EUROPE - Walter Kielholz is to take the helm at Credit Suisse Group (CSG) after the firm ousted chairman and chief executive Lukas Mühlemann following a catalogue of costly errors.
Kielholz - who is currently chief executive officer of Swiss Re and vice-chairman of CSG’s Board of Directors - takes up his new position on January 1, 2003.
Mühlemann buckled under shareholder pressure to split his dual role back in July and promised to quit as chairman from next year. His intention was to focus solely on his role as CEO. But a series of blunders - ending with CSG’s profits plummeting nearly 50% this year - will see him leave one of Europe’s biggest bank by the end of the year.
In a statement Mühlemann said: The decision to step down as both chairman and CEO by the end of this year has not been an easy one for me to make. I care deeply about Credit Suisse Group and the people who work here. By taking this step, I hope to better position Credit Suisse Group for future success by removing any questions surrounding my leadership of the company.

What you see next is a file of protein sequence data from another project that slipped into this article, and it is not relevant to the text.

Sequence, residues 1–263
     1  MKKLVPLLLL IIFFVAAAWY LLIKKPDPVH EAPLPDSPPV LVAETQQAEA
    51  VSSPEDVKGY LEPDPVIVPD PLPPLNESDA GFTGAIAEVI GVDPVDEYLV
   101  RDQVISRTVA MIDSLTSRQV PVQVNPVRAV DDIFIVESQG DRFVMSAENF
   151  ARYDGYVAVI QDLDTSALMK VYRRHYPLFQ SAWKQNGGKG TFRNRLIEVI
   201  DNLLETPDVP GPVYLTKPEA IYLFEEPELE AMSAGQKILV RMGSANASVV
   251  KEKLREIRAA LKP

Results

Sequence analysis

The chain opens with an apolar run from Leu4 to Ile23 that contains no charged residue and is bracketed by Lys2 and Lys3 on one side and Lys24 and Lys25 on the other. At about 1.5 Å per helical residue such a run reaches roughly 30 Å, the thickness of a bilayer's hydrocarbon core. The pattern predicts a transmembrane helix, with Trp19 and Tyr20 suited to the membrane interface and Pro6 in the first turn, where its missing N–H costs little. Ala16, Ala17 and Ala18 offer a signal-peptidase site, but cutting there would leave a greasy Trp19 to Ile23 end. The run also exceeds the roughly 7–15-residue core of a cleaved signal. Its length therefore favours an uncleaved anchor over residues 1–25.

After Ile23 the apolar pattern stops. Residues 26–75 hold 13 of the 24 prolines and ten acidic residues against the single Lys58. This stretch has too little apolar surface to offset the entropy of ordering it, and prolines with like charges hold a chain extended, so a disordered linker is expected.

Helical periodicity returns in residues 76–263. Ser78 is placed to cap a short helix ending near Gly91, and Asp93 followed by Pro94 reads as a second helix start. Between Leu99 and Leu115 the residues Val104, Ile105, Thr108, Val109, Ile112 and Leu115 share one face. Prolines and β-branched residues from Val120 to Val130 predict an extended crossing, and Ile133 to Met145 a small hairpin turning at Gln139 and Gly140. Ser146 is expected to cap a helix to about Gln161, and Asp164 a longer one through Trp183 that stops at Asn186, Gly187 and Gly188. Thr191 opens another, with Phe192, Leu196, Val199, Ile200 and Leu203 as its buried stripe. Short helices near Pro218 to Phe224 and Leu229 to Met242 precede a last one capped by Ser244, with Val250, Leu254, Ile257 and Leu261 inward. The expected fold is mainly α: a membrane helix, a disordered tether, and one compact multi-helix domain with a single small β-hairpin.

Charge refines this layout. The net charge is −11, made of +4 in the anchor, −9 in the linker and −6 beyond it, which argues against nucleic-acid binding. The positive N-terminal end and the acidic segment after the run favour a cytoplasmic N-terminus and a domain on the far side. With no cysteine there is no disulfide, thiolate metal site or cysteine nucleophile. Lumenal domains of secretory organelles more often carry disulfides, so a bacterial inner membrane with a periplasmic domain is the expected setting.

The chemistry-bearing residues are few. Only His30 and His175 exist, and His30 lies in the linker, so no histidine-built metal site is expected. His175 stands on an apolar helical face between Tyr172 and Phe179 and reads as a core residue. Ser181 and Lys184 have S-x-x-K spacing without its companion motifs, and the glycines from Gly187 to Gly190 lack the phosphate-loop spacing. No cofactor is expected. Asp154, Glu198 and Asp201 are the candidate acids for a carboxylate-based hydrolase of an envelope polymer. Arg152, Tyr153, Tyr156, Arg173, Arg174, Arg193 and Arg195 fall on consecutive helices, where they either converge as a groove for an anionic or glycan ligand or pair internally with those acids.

According to reports, Mühlemann was behind a series of strategic errors including the CHF14.3bn acquisition of insurance outfit Winterthur and investment bank Donaldson, Lufkin, & Jenrette for a further US$11.5bn. He also came in for much criticism over his role as board director for the now defunct airline Swissair.
In addition, CSG said that Oswald Grübel, CEO of Credit Suisse Financial Services, and John Mack, CEO of Credit Suisse First Boston, will also become co-CEOs of CSG from the beginning of 2003. At the same time, Hans-Ulrich Doerig, vice-chairman of CSG’s executive board, will assume responsibility for its Corporate Centre.
Kielholz praised Mühlemann for his “decisive role in reshaping [CSG], particularly in establishing a strong presence in the areas of asset management and investment banking.”
My immediate priority will be to address the challenges created by the difficult market environment facing the entire financial services industry, so that we can move forward to realise the company's full potential, he added.
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